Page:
A woman is overcome with emotion during a vigil on Groton Town Field Sunday afternoon for the four people slain at a home on Common Street Friday.
A woman is overcome with emotion during a vigil on Groton Town Field Sunday afternoon for the four people slain at a home on Common Street Friday. (SUN / AARON CURTIS)

GROTON -- As the Christian hymn "Amazing Grace" flowed through speakers at Town Field late Sunday afternoon, around 200 Groton residents strolled across the wide-open park grounds.

They gathered in a massive group near the park gazebo where the music originated. Some embraced those near them, while others wore ribbons in honor of those they were there to remember.

The vigil, led by ministers in the community and representatives of town government, was organized in the wake of the death of four people who were allegedly slain by 22-year-old Orion Krause on Friday.

Police arrested Krause, a recent graduate of Oberlin Conservatory in Ohio, in the murder of an elderly couple and two others who were found dead at a home at 80 Common St.

Orion Krause in his 2013 graduation photo from Camden Hills Regional High in Rockport, Maine.COURTESY OF COURIER GAZETTE
Orion Krause in his 2013 graduation photo from Camden Hills Regional High in Rockport, Maine. COURTESY OF COURIER GAZETTE
Krause, of Rockport, Maine, has been charged with four counts of murder, according to a statement Sunday by the Middlesex District Attorney's Office.

The identification of the victims continues to be withheld pending positive identification by the Office of the Medical Examiner and notification of family members, according to the district attorney. The Boston Globe identified one of the victims as Bertha Mae Parker, 68, a caretaker for the couple who lived in the home.

"Four people are dead," the Rev. Elea Kemler, the minister of the First Parish Church of Groton, said to Sunday's crowd. "Two of them elderly, killed by a man who was known and loved by them. We do not understand this.


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"We need to hold in our hearts the remaining members of that family and all of their loved ones," she continued. "We also need to hold in our hearts the young man who committed these acts because he is 22 years old and something went terribly wrong in order for this to happen, and we did not know so we could not even try to prevent it or to try to help."

Groton Selectman Josh Degen called the horrific incident an opportunity for the community to band together.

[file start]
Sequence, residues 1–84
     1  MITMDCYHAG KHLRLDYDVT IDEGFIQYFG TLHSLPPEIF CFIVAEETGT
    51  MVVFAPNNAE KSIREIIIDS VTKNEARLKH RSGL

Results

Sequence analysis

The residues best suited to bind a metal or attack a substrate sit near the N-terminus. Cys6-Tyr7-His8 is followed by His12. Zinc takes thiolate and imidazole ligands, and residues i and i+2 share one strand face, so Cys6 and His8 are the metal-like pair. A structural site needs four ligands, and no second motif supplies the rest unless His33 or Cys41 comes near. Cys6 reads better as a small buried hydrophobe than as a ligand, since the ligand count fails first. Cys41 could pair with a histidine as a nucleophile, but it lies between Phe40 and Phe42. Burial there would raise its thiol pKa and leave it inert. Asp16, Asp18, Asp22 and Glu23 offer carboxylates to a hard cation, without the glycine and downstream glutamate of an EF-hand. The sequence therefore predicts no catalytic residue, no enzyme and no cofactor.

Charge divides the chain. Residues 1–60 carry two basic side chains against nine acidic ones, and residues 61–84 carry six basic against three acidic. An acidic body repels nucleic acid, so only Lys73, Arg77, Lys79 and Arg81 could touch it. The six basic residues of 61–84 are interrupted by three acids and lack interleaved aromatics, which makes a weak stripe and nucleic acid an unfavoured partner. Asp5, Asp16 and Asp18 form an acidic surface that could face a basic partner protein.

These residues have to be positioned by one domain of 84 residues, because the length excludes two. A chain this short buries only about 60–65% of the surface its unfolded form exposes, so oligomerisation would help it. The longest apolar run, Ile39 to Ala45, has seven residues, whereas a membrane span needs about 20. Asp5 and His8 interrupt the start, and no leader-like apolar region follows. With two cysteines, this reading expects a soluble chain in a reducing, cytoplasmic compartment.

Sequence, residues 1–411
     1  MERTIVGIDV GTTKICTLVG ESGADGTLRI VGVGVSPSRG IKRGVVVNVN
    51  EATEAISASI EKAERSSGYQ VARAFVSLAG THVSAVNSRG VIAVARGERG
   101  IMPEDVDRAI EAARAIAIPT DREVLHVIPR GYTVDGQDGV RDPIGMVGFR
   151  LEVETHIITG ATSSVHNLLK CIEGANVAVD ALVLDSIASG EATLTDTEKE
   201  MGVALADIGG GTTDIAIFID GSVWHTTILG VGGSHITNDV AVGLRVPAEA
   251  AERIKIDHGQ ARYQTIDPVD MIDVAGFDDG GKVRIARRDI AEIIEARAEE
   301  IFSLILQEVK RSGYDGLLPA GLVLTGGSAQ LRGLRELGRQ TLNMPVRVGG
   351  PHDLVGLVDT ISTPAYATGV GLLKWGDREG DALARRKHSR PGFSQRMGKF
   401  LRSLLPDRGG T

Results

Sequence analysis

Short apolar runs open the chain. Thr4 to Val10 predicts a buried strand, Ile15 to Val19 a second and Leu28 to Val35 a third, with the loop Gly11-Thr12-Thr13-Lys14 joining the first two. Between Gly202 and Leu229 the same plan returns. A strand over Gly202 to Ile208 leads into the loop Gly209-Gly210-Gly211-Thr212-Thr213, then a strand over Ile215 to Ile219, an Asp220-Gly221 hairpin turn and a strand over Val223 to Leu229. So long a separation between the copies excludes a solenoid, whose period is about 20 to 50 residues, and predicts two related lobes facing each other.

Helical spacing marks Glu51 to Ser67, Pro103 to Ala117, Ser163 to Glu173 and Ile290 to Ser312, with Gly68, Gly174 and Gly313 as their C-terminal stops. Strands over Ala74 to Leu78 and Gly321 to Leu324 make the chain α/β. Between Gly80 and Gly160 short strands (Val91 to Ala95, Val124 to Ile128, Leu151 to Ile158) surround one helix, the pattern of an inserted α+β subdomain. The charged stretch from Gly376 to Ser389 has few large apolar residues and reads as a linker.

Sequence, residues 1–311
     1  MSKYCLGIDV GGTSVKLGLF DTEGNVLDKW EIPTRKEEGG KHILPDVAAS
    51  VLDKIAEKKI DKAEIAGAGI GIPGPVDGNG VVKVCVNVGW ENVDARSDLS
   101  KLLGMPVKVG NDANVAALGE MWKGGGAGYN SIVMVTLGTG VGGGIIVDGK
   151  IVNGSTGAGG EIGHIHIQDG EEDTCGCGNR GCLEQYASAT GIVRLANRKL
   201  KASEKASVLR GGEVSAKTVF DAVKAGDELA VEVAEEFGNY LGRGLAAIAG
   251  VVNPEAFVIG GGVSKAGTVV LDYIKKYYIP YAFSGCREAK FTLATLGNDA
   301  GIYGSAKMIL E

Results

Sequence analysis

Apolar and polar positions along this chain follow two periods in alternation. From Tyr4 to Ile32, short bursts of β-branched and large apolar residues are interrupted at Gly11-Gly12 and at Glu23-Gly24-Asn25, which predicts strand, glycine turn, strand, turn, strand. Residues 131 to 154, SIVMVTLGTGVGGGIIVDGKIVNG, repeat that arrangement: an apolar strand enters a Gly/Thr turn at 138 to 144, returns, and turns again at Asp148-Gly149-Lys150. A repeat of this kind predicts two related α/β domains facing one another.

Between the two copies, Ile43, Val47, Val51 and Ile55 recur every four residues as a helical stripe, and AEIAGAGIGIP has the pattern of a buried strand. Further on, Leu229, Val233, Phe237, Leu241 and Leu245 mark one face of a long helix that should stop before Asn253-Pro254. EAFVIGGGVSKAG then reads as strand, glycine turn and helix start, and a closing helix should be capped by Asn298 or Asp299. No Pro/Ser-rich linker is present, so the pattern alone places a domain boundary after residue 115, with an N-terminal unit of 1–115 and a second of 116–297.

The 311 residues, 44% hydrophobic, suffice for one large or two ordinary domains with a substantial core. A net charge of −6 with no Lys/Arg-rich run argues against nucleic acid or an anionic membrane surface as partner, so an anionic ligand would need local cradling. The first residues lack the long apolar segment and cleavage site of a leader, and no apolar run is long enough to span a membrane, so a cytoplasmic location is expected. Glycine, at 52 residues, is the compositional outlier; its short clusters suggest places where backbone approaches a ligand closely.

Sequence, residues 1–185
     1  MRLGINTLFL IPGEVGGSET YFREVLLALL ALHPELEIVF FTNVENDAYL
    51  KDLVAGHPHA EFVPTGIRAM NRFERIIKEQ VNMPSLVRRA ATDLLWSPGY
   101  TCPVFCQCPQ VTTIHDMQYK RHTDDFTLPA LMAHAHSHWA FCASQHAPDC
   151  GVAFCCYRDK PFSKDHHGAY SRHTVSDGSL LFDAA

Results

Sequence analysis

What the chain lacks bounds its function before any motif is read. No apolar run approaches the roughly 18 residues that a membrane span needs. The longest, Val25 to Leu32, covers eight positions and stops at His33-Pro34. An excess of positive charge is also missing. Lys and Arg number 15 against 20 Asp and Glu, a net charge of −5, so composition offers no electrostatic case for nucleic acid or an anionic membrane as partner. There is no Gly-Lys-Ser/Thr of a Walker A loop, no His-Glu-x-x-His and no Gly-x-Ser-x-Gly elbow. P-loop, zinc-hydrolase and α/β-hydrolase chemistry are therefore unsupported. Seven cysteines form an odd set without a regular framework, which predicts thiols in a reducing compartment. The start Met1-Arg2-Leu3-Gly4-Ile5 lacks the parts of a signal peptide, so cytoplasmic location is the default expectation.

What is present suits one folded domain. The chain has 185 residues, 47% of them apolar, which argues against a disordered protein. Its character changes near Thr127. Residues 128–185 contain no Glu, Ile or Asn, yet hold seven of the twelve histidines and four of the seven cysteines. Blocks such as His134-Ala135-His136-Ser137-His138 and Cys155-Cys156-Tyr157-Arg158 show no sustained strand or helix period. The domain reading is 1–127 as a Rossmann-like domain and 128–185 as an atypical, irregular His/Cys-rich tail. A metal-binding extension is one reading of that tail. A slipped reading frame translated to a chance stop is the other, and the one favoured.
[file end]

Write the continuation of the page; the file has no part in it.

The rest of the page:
The Rev. Gail Miller, pastor of Union Congregational Church in Groton, speaks during Sunday s vigil at Town Field for the four people slain Friday.
The Rev. Gail Miller, pastor of Union Congregational Church in Groton, speaks during Sunday s vigil at Town Field for the four people slain Friday. Listening at right is the Rev. Elea Kemler, minister of First Parish Church of Groton. At left is Josh Degen, chairman of the Board of Selectmen. (SUN / David H. Brow)

"We have to care about each other as neighbors," he said. "People you don't know, you should wave at them. You should look in on your neighbors and care about them."

"I guess all I can say is that we have to look in the wake of death that life must go on and in order for life to go on, we have to live it to our fullest," the selectman added.

In the crowd was Joe and Gilda Twoney, who said they were shocked when they initially heard the news of the brutal murders. But when it came to Sunday's large vigil turnout, they weren't surprised by the community's display of harmony. They had experienced it themselves roughly 20 years ago.

On July 15, 1997, their teenage son Peter Twomey died in a car crash.

"The town of Groton .

Orion Krause in an undated photo from his Facebook page.
Orion Krause in an undated photo from his Facebook page.
..," Joe Twomey began.

"Carried us," his wife finished.

"The town of Groton carried us just like they will carry any survivors of this family," Joe Twomey added.

They pointed out that they live roughly 500 yards from the home on Commons Street where the brutal crime occurred but they do not know the names of those who lived there.

Assessors' records list the owners of the house, built in 1900, as Frank Danby Lackey III and Elizabeth Lackey. They are in their late 80s.

As the crowd dispersed on Sunday, they were asked to take a candle. Kemler told the group to light it "when the darkness comes."

"And may that tiny flame be a reminder that we are neighbors and that we are friends," she added. "We are not strangers to one another, and when we come together, we are strong enough to overcome any obstacle."

Follow Aaron Curtis on Twitter @aselahcurtis.